Get In Touch
Background Akamai Technologies recently contributed its "Serve Stale" DNS algorithm to Version 9 of the Internet Systems Consortium's (ISC) Berkeley Internet Name Domain (BIND) open source Domain Name System (DNS) project. As the Internet's most widely used DNS implementation, BIND operates ubiquitously throughout the Internet. The ongoing availability of answers from BIND servers is a critical element for the ongoing availability of the Internet for many users.
With IoT on the rise, consumers are rightfully afraid of privacy invasions. But, infected devices can serve far more sinister purposes. Herewith, we breakdown the ways a botnet works.
We just conducted our monthly Cyber Insider discussion, this time focusing on what deep analysis of new core domains reveals about new threats and zero-day malware. As a company that processes 1.7 trillion DNS queries a day and analyzes 100 billion queries a day from our global service provider customers, we are in a unique position to gain insights.
In "What makes a good 'DNS Blacklist'? - Part 1", we explored the background and factors that have gone into Akamai's thinking behind New security products like Enterprise Threat Protect (ETP). This article continues with a list of factors and questions to ask any DNS Threat Feed providers, including Akamai. What should enterprises look for in the DNS Threat Policies? DNS Threat Policies are more than a DNS Blacklist. The
Reflections on Modern Actionable Threat Intelligence used to turn a DNS Resolver into a Critical Security Tool Akamai has just launched the Enterprise Threat Protection (ETP) platform. ETP is built on Akamai's global AnswerX Cloud that now reaches 28 countries and is expanding to new countries every month. As a new player in Cloud DNS resolver services, competitors will ask "why Akamai?" or "what gives Akamai the knowledge and capacity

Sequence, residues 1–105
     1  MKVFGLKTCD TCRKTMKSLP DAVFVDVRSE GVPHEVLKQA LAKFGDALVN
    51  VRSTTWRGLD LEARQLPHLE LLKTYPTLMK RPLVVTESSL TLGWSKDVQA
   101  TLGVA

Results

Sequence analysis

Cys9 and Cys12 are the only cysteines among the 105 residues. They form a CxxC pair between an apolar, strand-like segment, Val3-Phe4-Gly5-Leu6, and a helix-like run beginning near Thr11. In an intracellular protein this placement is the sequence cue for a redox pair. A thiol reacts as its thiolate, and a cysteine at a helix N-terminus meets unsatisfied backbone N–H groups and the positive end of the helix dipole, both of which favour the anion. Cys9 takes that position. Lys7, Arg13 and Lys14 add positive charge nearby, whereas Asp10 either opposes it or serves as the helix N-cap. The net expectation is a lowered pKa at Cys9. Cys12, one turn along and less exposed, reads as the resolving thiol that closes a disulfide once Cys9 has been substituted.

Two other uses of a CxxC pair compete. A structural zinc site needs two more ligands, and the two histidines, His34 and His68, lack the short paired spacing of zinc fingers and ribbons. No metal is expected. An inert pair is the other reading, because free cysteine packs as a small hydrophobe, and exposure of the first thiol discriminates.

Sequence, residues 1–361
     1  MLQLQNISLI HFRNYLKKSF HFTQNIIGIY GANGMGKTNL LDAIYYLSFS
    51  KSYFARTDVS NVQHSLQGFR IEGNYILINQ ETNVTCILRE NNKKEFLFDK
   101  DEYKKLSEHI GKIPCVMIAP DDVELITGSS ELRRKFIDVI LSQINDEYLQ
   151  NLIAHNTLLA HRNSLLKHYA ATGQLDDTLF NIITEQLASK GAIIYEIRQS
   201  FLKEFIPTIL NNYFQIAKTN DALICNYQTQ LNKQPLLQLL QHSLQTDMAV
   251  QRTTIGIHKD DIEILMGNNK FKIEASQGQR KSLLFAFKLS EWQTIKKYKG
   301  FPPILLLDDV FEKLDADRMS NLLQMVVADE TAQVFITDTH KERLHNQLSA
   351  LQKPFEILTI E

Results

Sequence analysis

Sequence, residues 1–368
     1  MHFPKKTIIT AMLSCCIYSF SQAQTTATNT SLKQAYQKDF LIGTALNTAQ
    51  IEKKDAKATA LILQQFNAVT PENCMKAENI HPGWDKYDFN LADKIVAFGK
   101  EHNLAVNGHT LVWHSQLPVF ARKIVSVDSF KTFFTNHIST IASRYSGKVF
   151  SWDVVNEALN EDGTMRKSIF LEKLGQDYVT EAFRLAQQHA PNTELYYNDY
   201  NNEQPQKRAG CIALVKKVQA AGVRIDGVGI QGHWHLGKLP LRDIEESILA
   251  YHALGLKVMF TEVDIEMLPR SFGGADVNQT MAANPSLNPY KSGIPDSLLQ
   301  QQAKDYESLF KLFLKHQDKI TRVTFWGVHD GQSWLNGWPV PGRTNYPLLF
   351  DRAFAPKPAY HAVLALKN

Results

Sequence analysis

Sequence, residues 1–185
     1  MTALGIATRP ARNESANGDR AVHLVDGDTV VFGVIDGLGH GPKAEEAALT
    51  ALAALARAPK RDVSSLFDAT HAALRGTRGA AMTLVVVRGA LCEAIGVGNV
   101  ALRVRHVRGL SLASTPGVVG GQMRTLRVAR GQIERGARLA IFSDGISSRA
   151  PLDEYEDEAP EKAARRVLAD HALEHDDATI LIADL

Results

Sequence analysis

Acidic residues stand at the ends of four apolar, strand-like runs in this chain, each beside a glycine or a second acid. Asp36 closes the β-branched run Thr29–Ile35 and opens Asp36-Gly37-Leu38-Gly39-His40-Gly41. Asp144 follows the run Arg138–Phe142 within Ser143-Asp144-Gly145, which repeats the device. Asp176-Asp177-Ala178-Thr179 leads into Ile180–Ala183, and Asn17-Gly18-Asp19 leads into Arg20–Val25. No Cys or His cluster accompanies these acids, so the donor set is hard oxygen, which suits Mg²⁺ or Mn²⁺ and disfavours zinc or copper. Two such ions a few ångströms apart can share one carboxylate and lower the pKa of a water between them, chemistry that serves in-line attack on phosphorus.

For many years ISPs in certain parts of the world have been required by their regulators/governments to redirect certain websites that were deemed malicious or suspicious. DNS offered a straightforward way to do this; and Nominum, now part of Akamai, is a DNS company, developed an early mechanism using a DNS zone file that made it simple for ISPs to comply. The technology was originally named "Malicious Domain Redirection" (MDR),
Ransomware has changed a lot since it was introduced back in 1989 by Dr. Joseph Popp, where 20,000 floppy disks were distributed via snail mail. The malware hid files on a victim's hard drive and encrypted only the file names, rather than the entire files themselves. As one might assume, the entire remediation process was manual, rather than digital. Popp's program asked victims to print the ransom note and send
Congratulations to TalkTalk, who were just named the number one provider in the UK for Fibre Broadband response times by the SamKnows industry benchmark. How did they accomplish this? With the support of Nominum's, now part of Akamai, carrier-class DNS software solution, CacheServe.
Written by Or Katz and Raviv Perets A widespread phishing scam that offers free airline tickets has been spotted in the wild by Akamai's Enterprise Threat Protector (ETP) security research team. The campaign uses a number of social engineering techniques to trick people into providing their private information. When someone clicks on the link in the phishing email, they are taken to a dedicated website that tells them they have